This week I was invited to take a look at GiveLoop, a new software platform for processing online donations. Inspired by sites such as Kiva and DonorsChoose, GiveLoop allows nonprofits to empower constituents to decide exactly how their donations will be used by ‘voting with their money.’ Benefits for the nonprofit are to increase donation size, increase donor loyalty and increase donor volume, as well as providing more transparency. If you’ve looked at direct mail appeals you’ve received lately, you will probably notice how donation levels are often associated with what each amount will allow the nonprofit to do, but doesn’t obligate the organization to use the funds for that purpose.
While GiveLoop offers an interesting new way to do online fundraising, most organizations I’ve worked with have been wary of collecting restricted funds, partially due to the accounting requirements and partially because they really don’t want to give constituents this level of control. But this reminds me of the difficulty some nonprofits have had in embracing social media because they want to control the messaging. But as Clay Shirky pointed out at last year’s Nonprofit Technology Conference, ‘you’ve already lost control.’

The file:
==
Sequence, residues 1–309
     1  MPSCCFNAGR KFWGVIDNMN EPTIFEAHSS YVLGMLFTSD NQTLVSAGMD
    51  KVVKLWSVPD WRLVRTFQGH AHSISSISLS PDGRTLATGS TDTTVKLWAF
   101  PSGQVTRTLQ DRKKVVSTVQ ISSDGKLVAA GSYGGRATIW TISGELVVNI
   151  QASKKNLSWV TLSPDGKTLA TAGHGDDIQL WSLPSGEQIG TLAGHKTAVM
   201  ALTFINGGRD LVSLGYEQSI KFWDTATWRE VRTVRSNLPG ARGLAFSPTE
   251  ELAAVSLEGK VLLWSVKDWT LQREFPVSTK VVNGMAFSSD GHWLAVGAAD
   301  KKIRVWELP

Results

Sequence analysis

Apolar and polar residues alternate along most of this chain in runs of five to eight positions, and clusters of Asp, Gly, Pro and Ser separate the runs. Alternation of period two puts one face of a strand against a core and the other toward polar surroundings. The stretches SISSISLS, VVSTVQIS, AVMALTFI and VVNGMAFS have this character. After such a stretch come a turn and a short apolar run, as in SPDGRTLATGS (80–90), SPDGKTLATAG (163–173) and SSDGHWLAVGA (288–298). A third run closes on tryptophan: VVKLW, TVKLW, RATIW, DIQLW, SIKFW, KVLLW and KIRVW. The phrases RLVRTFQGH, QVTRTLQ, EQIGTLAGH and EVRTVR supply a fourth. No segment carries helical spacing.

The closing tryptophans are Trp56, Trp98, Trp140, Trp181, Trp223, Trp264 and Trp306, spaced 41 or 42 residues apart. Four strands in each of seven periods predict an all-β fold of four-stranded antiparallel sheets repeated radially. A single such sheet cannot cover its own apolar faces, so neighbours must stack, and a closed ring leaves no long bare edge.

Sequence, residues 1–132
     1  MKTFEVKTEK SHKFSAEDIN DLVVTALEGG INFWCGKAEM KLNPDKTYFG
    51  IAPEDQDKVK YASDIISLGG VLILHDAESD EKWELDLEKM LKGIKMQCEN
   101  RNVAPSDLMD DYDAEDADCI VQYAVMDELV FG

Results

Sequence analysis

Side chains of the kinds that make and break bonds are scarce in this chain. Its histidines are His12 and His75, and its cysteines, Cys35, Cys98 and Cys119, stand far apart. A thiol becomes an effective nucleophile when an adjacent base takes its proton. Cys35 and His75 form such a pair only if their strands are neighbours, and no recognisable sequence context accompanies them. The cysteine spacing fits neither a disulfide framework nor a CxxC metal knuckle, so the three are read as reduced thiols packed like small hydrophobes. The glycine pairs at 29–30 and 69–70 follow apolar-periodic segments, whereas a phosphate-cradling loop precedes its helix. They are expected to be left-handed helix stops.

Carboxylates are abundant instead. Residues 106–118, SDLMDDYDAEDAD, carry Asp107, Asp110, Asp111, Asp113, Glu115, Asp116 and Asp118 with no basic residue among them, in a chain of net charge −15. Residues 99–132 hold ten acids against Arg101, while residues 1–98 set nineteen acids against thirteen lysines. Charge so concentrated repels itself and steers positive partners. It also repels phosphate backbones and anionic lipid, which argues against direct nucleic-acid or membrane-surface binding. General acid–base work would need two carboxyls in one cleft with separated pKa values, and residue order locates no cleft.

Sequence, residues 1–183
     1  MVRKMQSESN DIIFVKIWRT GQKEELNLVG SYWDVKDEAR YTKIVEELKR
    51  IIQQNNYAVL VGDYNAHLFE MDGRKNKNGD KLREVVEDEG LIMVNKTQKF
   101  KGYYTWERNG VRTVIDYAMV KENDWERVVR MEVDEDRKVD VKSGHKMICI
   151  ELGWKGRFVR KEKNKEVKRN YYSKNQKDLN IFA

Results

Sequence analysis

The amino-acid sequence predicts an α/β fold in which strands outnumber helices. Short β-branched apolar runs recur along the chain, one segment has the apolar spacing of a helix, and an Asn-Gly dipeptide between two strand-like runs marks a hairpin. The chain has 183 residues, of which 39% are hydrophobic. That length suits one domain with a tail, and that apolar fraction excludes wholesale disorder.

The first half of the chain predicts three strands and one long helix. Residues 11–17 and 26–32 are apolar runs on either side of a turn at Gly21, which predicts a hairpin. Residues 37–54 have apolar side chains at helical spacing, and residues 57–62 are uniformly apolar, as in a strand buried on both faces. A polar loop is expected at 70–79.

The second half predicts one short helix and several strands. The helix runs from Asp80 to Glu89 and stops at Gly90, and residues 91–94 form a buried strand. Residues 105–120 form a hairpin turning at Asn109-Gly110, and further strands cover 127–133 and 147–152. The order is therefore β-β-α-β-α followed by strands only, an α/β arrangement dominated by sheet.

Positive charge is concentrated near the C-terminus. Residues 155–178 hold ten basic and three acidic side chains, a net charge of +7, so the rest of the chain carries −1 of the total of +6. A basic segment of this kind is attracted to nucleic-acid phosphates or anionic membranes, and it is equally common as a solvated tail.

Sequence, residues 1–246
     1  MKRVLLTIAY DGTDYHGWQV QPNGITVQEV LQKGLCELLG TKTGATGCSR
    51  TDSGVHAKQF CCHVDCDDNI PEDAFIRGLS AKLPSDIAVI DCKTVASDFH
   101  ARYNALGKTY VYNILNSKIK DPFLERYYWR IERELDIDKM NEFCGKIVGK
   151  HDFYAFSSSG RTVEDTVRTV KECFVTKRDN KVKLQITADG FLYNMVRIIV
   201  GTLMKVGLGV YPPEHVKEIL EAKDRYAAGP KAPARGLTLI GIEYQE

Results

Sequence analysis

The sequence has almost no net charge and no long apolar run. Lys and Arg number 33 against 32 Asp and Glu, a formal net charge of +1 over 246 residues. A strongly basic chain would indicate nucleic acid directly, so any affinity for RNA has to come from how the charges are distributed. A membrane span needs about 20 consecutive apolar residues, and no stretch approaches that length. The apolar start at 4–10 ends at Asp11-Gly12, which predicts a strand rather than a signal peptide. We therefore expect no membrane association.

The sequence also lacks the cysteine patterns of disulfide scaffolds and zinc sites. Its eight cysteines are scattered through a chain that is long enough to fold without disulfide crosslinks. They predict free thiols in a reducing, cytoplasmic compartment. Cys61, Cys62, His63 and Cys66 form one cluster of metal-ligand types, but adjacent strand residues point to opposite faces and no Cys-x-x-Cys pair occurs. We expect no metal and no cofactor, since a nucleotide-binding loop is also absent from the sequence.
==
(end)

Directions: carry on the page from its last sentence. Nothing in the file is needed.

However, I like the idea of GiveLoop as continuing the recent trend of giving donors more information about what their money will be used for, and then reporting back on how the donations were actually used. GiveLoop also tries into social networking, although co-founder Todd Spitz told me that it was too early to tell whether constituents who have given through GiveLoop have been successful in becoming fundraisers for the causes they support.
For a nonprofit that is considering using a product like GiveLoop, a question to ask is whether the organization is really interested in listening to their supporters, or if they are doing it simply to raise more money. If it’s the latter, then the effort is less likely to be successful as constituents will eventually realize that their input is not welcome. There also needs to be full transparency about what will happen if the requested funds for a specific project are not raised; will the balance be made up by another donation source or will the donor be asked to consider supporting another initiative?
Interestingly, GiveLoop’s FAQ clearly states that the nonprofit is not obligated to use the money in the way donors select. But to make the most of this type of program, an organization clearly has to be willing to give constituents a much greater role in how funds are spent, similar to why it’s so important to listen first in social media and not simply treat it as another way to send out nonprofit updates.